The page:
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GLORY AND HONOUR The Renaissance in Scotland Andrea Thomas 4th October 2013 9781841588728

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opposite. The Fetternear Banner, made in Edinburgh c.1520.This is a very rare surviving piece of pre-Reformation ecclesiastical embroidery. above. An embroidered hawking pouch made for James VI c.1610. The clasp was probably made by George Heriot of Edinburgh.

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palaces of honour

The King’s Knot at Stirling Castle: the relic of a Renaissance pleasance.

cism. The religious images were later defaced by 50 Covenanters and the castle is now ruined. One of the greatest builders of the period was Alexander Seton, 1st earl of Dunfermline and chancellor of Scotland. He had been educated in Italy and France, and was described by Sir Richard Maitland of Lethington as ‘a great humanist in prose and poetry, Greek and Latin; well versed in mathematics and with great skill in architecture and 51 heraldry’. His family home, Seton Palace, was one of the finest houses of Renaissance Scotland and was capable of hosting visits from the royal court, but was demolished in 1789. Alexander Seton was sensitive to Scottish architectural traditions and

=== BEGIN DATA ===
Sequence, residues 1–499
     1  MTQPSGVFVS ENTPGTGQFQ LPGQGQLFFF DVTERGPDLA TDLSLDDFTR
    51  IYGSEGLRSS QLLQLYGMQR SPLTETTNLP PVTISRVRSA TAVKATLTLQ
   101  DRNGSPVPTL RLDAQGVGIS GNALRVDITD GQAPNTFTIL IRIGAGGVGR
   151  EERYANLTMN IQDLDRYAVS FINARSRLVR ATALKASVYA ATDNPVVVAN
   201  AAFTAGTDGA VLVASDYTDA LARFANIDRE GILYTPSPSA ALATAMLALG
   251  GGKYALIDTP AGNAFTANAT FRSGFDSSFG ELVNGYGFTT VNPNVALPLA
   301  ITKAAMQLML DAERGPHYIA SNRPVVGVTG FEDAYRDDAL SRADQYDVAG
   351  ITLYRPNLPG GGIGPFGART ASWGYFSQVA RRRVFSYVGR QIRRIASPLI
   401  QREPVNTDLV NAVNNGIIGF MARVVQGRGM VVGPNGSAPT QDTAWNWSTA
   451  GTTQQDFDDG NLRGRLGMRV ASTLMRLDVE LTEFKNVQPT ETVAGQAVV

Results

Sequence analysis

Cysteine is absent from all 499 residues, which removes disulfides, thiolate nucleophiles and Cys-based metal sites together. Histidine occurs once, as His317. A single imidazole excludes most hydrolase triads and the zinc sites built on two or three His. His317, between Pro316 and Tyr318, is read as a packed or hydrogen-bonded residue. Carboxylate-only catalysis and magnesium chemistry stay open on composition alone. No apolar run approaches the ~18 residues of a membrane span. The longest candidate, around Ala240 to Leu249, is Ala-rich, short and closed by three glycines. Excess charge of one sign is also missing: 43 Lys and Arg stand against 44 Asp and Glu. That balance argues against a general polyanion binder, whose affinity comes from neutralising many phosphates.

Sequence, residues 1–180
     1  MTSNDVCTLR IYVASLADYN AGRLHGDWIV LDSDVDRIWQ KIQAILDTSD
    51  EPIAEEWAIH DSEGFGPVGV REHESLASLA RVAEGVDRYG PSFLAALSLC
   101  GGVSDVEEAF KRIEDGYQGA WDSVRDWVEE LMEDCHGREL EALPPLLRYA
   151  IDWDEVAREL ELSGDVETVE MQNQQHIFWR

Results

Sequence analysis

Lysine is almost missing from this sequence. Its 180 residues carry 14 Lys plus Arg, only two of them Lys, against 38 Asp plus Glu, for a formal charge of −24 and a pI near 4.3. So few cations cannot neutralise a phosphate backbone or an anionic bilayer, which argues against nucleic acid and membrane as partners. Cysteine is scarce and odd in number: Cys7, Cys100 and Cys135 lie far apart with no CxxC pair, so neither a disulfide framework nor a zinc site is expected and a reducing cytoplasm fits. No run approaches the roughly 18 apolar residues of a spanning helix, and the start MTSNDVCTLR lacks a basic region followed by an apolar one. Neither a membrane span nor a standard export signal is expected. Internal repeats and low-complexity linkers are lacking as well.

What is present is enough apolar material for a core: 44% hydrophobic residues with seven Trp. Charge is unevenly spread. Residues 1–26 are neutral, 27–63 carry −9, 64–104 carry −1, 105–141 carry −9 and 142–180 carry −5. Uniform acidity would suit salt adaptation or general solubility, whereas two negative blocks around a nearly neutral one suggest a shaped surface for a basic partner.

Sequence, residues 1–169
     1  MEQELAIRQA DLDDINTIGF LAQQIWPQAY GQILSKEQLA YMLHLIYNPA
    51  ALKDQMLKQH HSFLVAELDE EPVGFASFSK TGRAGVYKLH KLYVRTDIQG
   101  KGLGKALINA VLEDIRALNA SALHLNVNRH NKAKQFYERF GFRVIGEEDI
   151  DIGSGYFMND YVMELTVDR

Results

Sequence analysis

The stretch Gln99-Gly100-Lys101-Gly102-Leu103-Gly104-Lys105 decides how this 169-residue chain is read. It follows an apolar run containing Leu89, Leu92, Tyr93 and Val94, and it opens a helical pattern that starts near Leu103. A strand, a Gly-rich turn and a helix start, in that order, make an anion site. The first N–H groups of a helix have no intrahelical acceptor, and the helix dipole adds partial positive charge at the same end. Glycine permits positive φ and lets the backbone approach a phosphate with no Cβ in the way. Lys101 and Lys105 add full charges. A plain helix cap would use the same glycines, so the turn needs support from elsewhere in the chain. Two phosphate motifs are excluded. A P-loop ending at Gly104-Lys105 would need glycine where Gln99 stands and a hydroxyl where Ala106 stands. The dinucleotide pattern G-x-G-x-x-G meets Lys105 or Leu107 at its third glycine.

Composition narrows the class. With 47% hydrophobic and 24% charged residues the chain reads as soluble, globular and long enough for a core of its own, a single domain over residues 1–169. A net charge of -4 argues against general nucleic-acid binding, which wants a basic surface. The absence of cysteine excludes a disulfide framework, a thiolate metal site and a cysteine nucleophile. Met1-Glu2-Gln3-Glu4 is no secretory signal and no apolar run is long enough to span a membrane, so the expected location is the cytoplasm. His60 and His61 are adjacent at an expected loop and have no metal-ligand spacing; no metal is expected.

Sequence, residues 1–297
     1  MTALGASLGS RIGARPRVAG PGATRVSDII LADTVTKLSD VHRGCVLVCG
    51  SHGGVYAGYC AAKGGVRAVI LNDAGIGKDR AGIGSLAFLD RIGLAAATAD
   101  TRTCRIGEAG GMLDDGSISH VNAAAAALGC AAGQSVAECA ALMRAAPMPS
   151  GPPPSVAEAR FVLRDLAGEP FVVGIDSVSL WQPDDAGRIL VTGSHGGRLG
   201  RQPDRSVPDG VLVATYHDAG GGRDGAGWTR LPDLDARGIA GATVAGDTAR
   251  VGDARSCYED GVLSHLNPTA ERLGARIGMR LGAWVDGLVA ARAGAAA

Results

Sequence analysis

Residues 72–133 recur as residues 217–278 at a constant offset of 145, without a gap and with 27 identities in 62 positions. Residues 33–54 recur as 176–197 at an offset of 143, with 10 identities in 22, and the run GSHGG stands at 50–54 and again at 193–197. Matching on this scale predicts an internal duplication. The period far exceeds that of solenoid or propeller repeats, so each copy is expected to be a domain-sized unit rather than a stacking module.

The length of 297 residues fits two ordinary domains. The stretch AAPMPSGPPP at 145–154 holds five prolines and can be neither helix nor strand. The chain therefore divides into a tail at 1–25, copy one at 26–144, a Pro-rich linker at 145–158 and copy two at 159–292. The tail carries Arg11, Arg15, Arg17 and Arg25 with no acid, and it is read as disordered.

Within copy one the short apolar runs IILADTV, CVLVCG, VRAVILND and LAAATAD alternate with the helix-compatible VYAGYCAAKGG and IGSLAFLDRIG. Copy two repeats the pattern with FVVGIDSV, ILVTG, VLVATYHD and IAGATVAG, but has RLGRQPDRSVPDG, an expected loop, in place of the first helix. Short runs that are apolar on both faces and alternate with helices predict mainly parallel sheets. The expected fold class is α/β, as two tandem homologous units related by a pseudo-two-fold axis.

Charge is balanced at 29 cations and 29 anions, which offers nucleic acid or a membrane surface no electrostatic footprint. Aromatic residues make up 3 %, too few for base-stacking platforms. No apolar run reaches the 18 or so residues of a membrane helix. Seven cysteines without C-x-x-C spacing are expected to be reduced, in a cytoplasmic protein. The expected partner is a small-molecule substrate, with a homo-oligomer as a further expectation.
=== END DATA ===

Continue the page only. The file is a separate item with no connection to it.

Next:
tory frieze in giant Roman letters celebrating his marriage (of 1588) to the king’s French-born kinswoman Henrietta Stewart. He may also have built a loggia at the castle, now lost. At the same time he also added a splendid heraldic frontispiece (ceremonial entrance) which presented in an ascending sequence the combined arms of himself and his marchioness, the combined arms of James VI and Anna of Denmark, a representation of the Passion and Resurrection of Christ, and a depiction of St Michael subduing the devil. The sequence of panels was topped by a statue of St Michael, and the religious imagery clearly emphasised his defiant (if not entirely consistent) Catholi39


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above. One of the original Stirling Heads, c.1540. The winged cherub on her breast might indicate that the lady is deceased. The sequence of ‘0s’ and ‘1s’ in the border is thought to be a form of early musical notation. opposite. A modern replica of the same Stirling Head, carved by John Donaldson. This and other replica roundels are now set into the ceiling of the king’s presence chamber (or inner hall) in the restored palace block at Stirling Castle.

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